ATLANTA – Unemployment is through the roof, and the unemployed are asking, “Where are those jobs Obama was going to create?” But Roy Barnes and Nathan Deal aren’t really asking that question. They are, instead, asking which is most important to Georgia voters: jobs or education, according to the AJC Political Insider, Jim Galloway. This OpEd piece will take a look at both their positions, paraphrasing their main points.
Georgia’s gubernatorial candidates on jobs
Roy Barnes says that without jobs there will be no education, on the one hand. On the other he wants to take away school voucher money to pay teachers so they don’t have to suffer furloughs when the rest of the state is suffering job loss altogether.
Nathan Deal says that Georgia needs to focus on boths: jobs and education. He says that we should leave the school voucher money alone, as it belongs to taxpaying citizens any way and can only put a Band-aid on the furlough issue, at best. Deal thinks that creating jobs will, thus, take care of education.
Who is right? Which comes first: education or jobs?
President Obama hasn’t been able to create jobs, so how could these two candidates’ approach work, one could ask? And I did. If Georgia did as Democrat Roy Barnes wants, $50 million dollars would go back into big government’s kitty and state school teachers would get the largesse of that, along with some other things Roys said he wanted to do with that money. What things, I don’t know.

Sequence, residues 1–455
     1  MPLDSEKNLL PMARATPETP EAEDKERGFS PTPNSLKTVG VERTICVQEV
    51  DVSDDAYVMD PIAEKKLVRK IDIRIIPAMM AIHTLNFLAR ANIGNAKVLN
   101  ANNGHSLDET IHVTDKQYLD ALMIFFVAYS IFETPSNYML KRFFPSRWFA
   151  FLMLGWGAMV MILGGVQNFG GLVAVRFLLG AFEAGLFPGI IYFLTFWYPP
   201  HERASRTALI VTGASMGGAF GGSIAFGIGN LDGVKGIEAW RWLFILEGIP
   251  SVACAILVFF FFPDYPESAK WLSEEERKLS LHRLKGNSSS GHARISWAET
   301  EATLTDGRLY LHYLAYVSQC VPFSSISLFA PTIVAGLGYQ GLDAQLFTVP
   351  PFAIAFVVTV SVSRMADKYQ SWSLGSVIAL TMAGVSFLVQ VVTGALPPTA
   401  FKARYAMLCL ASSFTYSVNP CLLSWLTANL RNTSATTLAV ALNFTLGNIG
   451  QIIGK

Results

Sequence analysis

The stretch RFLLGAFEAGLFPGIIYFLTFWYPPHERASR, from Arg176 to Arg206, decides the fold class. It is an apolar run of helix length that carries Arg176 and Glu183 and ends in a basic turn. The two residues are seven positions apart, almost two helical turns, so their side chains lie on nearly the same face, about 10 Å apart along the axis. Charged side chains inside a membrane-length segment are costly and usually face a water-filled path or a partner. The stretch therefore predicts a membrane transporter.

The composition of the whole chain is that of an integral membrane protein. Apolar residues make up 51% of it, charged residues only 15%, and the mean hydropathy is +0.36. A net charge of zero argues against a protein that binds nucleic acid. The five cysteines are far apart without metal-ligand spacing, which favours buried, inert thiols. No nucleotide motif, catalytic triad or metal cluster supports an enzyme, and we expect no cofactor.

I don’t see how that can create jobs, and I think that settles the egg question of which comes first to the former governor of Georgia. All that does is strip school children of getting to leave schools that aren’t performing as they should so the higher education teachers at colleges don’t have to take four or five days off without pay this next year.
Nathan Deal says that he wouldn’t touch the $50 million dollars–a commitment to Georgia’s youth is a commitment to Georgia’s youth. He also says that he is as concerned about Georgia’s teachers not having to take furloughs too, but adults have to pay the price for our poor economy: not the children.
Deal also says that he can create jobs in Georgia and one of the things he would do to that end is cut taxes. He says the Obama administration’s desire to tax everybody isn’t going to serve Georgia well, as people who are taxed to death can’t “stimulate” the economy or create jobs.
Source also used: “Do jobs fuel education, or does education fuel jobs,” AJC.com